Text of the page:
Saturday 5 February 2022

Russian Church

Here's the largest of the Russian buildings I made. Some were much more elaborate but this is typical for a Russian village from the Middle Ages to the twentieth century. It's built almost entirely from balsa wood. This one's a little larger than I usually like to make and the walls consumed an outrageous amount of balsa dowel: I think it was twelve metres, £30-odd's worth, and that was years ago. But it goes together easily enough with a bit of patience. I described the technique in the comments on the Russian houses. 

A wargaming friend asked me very recently how I paint the aged woodwork, so this might be a good place to explain. Firstly you need to get a very thorough undercoat of matt black over every millimetre of the surface, making sure you get into the cracks and crevices and checking from every angle. Then it's mostly careful drybrushing with a big flat bristle brush. I learned the concept of this colour sequence from an article by Dave Andrews in White Dwarf long ago:

  1. Dark brown, applied quite heavily, leaving black mostly just in the cracks.
  2. Medium grey-brown, somewhat more lightly applied
  3. Light grey with a touch of buff, sand or whatever mixed in. This is a light drybrush only.
  4. Wash over some individual logs or planks to vary the colour. Well-thinned inks, or washes by GW or whoever: black, dull and bright browns are what you want.
  5. Final very light drybrush with a pale silver-grey colour.
  6. I often also add a hint of moss with very thin olive-green, spotted on randomly and immediately softened by dabbing with a damp ball of tissue.
The dome and cross of this model (see final photo) are the bits I am proudest of. The pointed shingles were cut from thin styrene sheet, textured with rough sandpaper dragged forcefully down it. They are applied in a pattern I learned from peering closely at photos of real examples. The trick on the dome is to vary the width of shingles in each row. So the first row at the bottom of the "onion" are a medium width, each of the next two rows a little bigger, then reducing in size again up to the top. The shingles on the flat sections of spire start with the biggest size and gradually reduce.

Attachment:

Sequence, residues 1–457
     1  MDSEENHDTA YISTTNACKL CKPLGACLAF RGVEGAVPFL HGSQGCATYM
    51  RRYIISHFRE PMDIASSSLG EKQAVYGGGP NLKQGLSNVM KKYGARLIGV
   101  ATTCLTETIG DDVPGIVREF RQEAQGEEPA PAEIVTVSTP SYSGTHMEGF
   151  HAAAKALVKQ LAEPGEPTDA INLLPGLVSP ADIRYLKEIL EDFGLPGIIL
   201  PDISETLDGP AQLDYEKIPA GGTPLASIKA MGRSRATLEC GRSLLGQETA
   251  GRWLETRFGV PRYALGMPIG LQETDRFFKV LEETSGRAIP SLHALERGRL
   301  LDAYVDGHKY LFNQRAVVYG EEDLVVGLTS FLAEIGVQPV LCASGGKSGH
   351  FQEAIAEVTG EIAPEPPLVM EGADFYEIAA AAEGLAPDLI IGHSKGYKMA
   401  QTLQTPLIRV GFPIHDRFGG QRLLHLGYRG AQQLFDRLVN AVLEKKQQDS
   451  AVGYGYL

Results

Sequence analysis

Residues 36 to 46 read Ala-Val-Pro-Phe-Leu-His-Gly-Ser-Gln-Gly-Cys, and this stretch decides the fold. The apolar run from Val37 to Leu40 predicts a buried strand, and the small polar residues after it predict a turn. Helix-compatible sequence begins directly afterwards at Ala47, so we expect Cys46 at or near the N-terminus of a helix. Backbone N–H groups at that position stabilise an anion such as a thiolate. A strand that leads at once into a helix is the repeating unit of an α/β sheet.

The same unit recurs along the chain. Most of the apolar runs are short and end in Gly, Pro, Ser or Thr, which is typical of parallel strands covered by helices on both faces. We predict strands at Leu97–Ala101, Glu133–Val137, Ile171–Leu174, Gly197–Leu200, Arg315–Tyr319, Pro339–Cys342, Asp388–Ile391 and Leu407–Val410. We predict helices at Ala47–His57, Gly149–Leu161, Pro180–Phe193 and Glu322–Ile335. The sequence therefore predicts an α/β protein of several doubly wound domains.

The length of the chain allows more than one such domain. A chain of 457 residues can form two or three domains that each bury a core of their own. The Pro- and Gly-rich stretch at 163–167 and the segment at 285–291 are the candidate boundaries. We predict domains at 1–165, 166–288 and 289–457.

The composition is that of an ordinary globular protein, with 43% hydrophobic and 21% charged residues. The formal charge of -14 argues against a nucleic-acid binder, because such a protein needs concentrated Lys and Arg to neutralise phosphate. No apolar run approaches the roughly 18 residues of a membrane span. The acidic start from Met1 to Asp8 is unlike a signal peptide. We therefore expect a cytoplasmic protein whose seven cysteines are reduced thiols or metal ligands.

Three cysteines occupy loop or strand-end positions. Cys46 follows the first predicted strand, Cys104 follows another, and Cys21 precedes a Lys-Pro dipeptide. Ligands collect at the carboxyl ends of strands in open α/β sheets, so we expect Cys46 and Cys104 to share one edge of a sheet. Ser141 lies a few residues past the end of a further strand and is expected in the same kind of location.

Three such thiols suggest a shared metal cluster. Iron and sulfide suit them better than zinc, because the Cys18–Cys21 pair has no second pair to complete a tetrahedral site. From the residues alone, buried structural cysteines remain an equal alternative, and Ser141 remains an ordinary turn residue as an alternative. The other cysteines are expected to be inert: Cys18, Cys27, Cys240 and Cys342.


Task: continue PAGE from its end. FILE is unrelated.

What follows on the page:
The area of Coventry where I live is home to minorities from around the world, one of them being Orthodox by religion. I've often noticed the unusual three-branched cross on their church, thinking it would look interesting on a model. But it had to have as much strength as I could give it, being a delicate thing in a place vulnerable to accidental damage. I thought about wood and plastic, but they would just break if it gets caught hard. So I resolved to do a bit of metalwork. I marked out the shape on a sheet of 0.8mm brass, using strips of masking tape, then clamped it firmly in the vice. Using a fretsaw I cut it out, tidying with a square-section file and rounding off the ends with a flat one. After a couple of tries it came out a bit thinner than I'd intended, but got the shape OK. Hopefully, if it gets caught it will at least bend or pull out as in one piece rather than breaking.  


  1. This certainly is a magnificent piece of ecclesiastical building work John...beautiful details once again!

  2. That is a superb model John, with great attention to detailing for the spire and dome. Nice to see how you went about painting it too.

  3. I'm Orthodox, and that is an excellent representation of a church.

  4. Thanks, guys, especially Benjamin, whose comment I regard as high praise.

  5. Fantastic, and great ideas for painting the wood effects. Thank you


  6. John a fantastic piece and thank you for the aint recipe - I have struggled for a long while to get a representation of aged wood that I happy with. I'll be experimenting with this.


  7. That is a superb centrepiece for a Russian village - great work. The onion dome looks excellent.

  8. Thanks everyone, much appreciated. Glad to hear the formula for painting aged wood was of use. As always, if there's anything you would like to ask about I am always happy to respond. I'm just about to post the last pictures of the Russian setup and then it will be time for another photo session.

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